Wails from the valley

Kashmiri women have it hard. Photo: Nissar Ahmad  

Though Punjab, Haryana and Rajasthan are known for the practice of killing the girl child, it happens in other States as well with varying intensity.

Jammu and Kashmir in one such State where communities do not prefer the girl child and even when they are allowed to be born, they face discrimination all their lives. In 2011, the State’s overall sex ratio was pegged at 883 females per 1000 males, indicating a fall of 9 points as compared to the Census of 2001.

The reason families give for female infanticide is because they feel the girl child cannot be a good wage earner, increases the family’s expenditure as she advances in age, and dowry embroils the family in debt.

Lawyer and social activist, Abdul Rashid Hanjoora believes that although the plight of a girl child is not as bad in the valley as it is in other states, the conflict of over two decades has escalated her problems, especially in rural areas. This reflects most distinctly on the education front.

In South Kashmir, the girls who are allowed to be born aren’t allowed to seek an education and hence live in the shackles of illiteracy. Parents, on their part, have their own set of arguments for not sending their daughters to school. They say they avoid sending their girls to school because they would have to cross security force camps en-route and there is no guarantee of their safety.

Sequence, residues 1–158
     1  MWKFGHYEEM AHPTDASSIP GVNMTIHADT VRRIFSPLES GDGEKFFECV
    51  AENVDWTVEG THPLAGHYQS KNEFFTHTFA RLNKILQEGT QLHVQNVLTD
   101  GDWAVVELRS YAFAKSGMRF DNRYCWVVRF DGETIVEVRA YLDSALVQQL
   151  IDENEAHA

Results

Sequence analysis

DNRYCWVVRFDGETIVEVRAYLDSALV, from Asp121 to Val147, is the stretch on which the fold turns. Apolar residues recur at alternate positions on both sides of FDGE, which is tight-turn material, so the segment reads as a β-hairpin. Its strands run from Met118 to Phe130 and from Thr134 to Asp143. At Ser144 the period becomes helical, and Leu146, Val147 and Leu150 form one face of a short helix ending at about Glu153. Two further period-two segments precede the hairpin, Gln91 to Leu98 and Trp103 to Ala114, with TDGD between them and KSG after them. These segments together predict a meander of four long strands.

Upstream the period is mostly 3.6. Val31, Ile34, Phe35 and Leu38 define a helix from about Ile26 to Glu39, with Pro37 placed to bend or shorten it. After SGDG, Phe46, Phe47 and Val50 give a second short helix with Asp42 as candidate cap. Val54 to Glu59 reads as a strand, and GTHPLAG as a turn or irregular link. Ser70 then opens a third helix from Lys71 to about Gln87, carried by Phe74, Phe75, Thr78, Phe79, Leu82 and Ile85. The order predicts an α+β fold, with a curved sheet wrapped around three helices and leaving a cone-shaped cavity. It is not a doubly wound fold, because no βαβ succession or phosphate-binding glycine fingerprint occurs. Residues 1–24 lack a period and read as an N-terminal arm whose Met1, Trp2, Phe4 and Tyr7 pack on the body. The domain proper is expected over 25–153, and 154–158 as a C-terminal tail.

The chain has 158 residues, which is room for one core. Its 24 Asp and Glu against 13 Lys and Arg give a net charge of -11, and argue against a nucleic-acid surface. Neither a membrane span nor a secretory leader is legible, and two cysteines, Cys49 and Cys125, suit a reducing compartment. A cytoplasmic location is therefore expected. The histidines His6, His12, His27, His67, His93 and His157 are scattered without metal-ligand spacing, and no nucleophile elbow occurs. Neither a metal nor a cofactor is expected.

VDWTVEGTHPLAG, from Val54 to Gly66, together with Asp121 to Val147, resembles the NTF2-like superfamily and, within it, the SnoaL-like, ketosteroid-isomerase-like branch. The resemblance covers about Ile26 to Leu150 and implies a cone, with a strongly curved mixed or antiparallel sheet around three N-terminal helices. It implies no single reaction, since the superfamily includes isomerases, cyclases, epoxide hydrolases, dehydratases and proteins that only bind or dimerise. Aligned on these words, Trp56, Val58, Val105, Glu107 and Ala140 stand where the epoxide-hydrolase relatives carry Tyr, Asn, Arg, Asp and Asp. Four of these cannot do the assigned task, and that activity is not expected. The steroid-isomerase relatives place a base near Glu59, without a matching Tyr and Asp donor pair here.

Incidences of abandoning girl children are also prevalent in the valley. Newborn girls were found abandoned in one of the wards in Lalla Ded hospital.

Though the media and civil society here shy away from picking up the sensitive issue of discrimination against women, there are several examples when mothers are beaten, tortured and even divorced if they fail to give birth to a male child.

Hanjoora believes that for the protection of the girl child, the State government not only needs to implement all the centrally sponsored schemes in letter and spirit but should also look at other options to provide some financial assistance to the parents who have more than one daughter. The assistance can be in the form of job reservation, skill development etc.

In 2009, the Centre launched the Integrated Child Protection Scheme (ICPS) and asked the states to provide children with protection and a safe environment to develop and flourish. The purpose of the scheme was to provide for children in difficult circumstances, as well as to reduce the risks and vulnerabilities that children face in situations and actions that lead to their abuse, neglect, exploitation, abandonment and separation.

It is disheartening to point out that the ICPS, launched by the Centre three years ago, is yet to take shape in Jammu and Kashmir.

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Printable version | Jan 24, 2022 5:45:16 PM |

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